According to the latest survey results, business activity in Maryland was soft in December. The general business conditions index registered 4, down 14 points from last month, while the sales index dropped 12 points to −4. Labor market conditions were weaker as respondents reported a pause in hiring. Business spending was tepid, with modest spending on business services and equipment or software. Expectations for overall business activity improved but remained subdued. Thirty-nine percent of respondents expected general business conditions to improve over the next six months while 14 percent expected conditions to worsen.
Overall business activity was soft in December. The general business conditions index dropped 14 points to 4. Twenty percent of firms surveyed indicated that general business conditions increased while 16 percent reported a decline — twice the percentage as last month. The sales index dropped into negative territory, to −4. Twenty percent of respondents indicated an increase in sales while 24 percent reported a decline.
Business spending was tepid, with a modest increase in spending on services and equipment or software. Total capital expenditure spending was flat. Just 20 percent of respondents indicated that they increased spending on equipment or software in December — down from 31 percent in November and 30 percent in October.
Labor market conditions weakened in December. The employment index registered 0, down 20 points from last month. This was the weakest reading since January 2014 and well below its average of 21 over the past two years. In the December survey, just 15 percent of respondents indicated they added workers for the month — down from 29 percent in November and 38 percent in September and October. Despite the falloff in hiring, the average workweek index indicated an expanding workweek and the labor availability index remained in negative territory, indicating that businesses continued to encounter difficulty finding workers.
Expectations for future labor market conditions improved but remained soft in December. The employment expectations index rose to 11 from a reading of 0 last month. Over the past nine months — from April through December — expectations were considerably more subdued than in the first quarter of the year and in 2015. The index averaged just 7 over the past nine months. Prior to the April survey expectations for future labor market conditions were robust. The employment expectations index averaged 28 in the 12 months prior to April 2016 and was above 20 in 26 of the previous 29 months. In the December survey, just 25 percent of respondents anticipated hiring over the next six months. Despite softer hiring plans, more survey respondents are anticipating increasing wages. Forty-five percent of respondents indicated they planned on raising wages over the next six months.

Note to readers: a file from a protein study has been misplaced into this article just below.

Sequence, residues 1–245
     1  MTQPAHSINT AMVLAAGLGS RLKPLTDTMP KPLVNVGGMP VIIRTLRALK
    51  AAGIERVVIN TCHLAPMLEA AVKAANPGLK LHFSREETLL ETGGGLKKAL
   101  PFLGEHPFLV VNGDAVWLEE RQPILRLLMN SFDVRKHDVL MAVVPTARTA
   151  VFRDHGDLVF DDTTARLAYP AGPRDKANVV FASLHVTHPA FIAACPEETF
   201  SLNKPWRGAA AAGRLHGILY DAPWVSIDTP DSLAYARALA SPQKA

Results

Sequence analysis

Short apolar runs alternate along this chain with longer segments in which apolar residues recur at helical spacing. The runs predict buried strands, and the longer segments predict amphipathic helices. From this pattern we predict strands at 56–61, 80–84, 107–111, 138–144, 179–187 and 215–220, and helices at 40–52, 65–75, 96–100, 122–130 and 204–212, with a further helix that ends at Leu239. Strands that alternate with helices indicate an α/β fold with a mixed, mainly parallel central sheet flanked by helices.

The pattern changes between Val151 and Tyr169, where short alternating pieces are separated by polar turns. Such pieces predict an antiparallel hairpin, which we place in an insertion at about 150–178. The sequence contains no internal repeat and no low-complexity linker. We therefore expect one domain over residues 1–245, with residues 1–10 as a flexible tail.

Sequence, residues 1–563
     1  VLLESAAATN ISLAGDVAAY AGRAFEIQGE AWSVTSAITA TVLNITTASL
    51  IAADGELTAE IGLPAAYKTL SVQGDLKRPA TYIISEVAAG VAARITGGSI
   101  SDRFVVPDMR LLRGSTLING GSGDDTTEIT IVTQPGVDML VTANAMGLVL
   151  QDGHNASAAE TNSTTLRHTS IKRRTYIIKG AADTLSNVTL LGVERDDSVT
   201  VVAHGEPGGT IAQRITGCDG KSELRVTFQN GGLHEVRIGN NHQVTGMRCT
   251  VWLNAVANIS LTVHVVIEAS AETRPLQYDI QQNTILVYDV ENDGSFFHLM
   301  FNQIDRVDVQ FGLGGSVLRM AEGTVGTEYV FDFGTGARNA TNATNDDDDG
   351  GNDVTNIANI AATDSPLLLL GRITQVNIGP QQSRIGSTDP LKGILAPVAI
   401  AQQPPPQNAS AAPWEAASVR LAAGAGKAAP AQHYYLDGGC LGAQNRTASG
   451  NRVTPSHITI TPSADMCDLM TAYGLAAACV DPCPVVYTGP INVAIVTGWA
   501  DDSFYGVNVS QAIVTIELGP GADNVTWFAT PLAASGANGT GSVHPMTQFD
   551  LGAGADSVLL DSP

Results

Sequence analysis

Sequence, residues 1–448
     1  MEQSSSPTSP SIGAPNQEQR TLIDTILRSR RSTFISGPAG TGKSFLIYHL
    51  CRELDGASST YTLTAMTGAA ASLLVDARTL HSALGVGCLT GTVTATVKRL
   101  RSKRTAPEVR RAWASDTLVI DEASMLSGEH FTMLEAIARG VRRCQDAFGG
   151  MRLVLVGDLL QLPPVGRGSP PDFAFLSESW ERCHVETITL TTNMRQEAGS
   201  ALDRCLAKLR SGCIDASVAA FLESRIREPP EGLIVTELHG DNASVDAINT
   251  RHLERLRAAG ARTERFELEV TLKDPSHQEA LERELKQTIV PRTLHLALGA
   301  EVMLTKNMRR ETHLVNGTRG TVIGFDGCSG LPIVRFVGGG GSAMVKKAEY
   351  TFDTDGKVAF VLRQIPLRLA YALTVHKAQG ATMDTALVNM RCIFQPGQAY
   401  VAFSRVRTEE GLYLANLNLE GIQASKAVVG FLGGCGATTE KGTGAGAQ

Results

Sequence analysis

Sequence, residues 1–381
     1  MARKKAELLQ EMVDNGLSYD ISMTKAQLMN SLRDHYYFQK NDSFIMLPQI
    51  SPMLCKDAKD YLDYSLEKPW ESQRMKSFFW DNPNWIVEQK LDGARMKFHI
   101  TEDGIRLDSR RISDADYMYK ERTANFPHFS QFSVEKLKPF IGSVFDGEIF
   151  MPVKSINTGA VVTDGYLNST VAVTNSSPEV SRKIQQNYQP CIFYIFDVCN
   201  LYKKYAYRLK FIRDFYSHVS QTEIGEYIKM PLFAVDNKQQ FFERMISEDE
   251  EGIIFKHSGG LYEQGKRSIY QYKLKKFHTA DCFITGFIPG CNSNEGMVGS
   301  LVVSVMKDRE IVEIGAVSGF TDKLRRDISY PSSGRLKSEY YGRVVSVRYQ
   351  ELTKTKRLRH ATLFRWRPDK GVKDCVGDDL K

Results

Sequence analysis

Respondents reported that input prices rose 1.9 percent in December on an annualized basis, up slightly from 1.5 percent last month. Output prices rose by 1.3 percent. Expectations for input prices over the next six months increased to 2.5 percent, with expectations of a 2.1 percent increase in output prices, on an annualized basis.
Survey respondents were more optimistic about the near term, according to the December survey results. The expectations index for general business conditions stood at 25, up from 8 last month but still lower than survey results earlier in the year. Thirty-nine percent of respondents expected business conditions to improve over the next six months, down from nearly 50 percent earlier in the year, while 14 percent anticipated a decline. Expectations for hiring improved but remained at a modest level. The outlook for business spending picked up, indicating moderate spending and capital expenditures in the near term.
The latest survey results indicated that the Maryland economy was very soft in December. Overall business conditions and sales were uneven, hiring was flat, and there was only a modest increase in equipment and software spending. Expectations for near-term business conditions and hiring improved but remained subdued compared to earlier in the year. Overall, the survey results indicate that the Maryland economy continues to improve at an uneven pace.
R. Andrew Bauer